A few months ago, in the comments on one of Bryan's posts (I can't remember which one), Bob Murphy asserted that real income per capita would rise by a large double-digit percent within a year or two if the size of the government were scaled back by about 90 percent. I told Bob that I doubted it. We started to discuss it off-line and Bob convinced me that it wasn't as implausible as it sounded. So in my role as Econlib Features Editor, I suggested that he submit an article to Econlib. It appeared yesterday and in it, he makes his case. See what you think.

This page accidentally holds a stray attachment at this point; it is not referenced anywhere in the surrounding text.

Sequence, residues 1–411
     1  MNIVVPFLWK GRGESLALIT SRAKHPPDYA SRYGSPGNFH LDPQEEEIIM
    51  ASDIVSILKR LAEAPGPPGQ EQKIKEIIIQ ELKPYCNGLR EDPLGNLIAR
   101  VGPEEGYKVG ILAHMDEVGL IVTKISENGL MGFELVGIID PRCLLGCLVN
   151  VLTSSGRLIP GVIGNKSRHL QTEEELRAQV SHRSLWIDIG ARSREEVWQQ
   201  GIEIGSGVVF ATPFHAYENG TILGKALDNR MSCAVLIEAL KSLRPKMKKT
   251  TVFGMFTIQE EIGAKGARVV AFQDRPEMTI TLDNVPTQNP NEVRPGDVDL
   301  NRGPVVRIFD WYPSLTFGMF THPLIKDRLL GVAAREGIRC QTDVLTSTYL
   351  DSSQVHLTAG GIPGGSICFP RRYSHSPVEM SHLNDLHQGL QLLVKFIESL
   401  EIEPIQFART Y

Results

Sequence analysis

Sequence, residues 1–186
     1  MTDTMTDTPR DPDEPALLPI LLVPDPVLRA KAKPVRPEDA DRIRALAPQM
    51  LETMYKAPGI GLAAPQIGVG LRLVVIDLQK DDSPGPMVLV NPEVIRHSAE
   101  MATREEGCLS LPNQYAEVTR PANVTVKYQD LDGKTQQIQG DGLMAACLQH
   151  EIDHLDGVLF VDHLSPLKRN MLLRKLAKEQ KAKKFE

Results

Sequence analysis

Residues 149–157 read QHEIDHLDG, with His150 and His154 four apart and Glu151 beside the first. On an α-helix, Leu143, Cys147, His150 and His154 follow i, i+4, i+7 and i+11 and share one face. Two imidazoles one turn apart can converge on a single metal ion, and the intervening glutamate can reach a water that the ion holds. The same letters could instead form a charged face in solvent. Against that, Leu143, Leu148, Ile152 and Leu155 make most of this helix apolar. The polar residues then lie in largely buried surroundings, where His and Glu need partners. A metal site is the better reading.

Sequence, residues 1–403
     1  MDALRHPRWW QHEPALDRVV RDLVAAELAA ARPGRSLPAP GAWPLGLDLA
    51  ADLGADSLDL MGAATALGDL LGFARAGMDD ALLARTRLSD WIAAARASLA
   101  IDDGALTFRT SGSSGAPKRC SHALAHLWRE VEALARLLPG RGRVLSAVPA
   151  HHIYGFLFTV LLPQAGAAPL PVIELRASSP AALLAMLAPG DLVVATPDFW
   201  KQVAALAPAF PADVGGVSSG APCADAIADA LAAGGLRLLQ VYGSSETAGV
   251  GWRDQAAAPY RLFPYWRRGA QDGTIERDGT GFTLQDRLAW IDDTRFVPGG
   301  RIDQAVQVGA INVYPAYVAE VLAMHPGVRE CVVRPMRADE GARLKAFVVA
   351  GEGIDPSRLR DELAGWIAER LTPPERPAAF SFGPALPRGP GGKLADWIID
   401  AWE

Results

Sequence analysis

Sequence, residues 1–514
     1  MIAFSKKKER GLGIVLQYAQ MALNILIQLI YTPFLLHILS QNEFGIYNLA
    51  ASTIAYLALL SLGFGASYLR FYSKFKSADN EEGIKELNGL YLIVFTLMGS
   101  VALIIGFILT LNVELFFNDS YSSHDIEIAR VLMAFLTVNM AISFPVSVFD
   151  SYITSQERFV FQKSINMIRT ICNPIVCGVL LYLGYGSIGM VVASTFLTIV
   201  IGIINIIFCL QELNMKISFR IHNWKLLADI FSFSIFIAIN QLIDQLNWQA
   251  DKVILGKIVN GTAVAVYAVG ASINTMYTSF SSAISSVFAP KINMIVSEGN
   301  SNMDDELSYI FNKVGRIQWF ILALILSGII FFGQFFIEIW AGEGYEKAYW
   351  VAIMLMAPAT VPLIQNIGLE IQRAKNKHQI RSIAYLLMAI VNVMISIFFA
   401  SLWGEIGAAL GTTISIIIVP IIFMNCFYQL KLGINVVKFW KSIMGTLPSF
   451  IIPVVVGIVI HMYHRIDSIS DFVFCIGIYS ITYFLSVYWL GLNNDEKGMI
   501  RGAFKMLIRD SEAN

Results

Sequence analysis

If he's right--and I now believe he is--think of the implications. One of the standard objections libertarians get when they advocate scaling back the government is "What about the poor?" Now, granted, the 18 percent increase in real income that he estimates is not uniform. My guess is that many high-income people would benefit by much more than 18 percent because they are now taxed so heavily. But think of the almost 100 percent implicit tax rate (marginal and average) on poor people who are in prison. Many of them would be out because the crimes they're in for would no longer be crimes. (Think peaceful dealers in illegal drugs or peaceful people who are in the prostitution business.)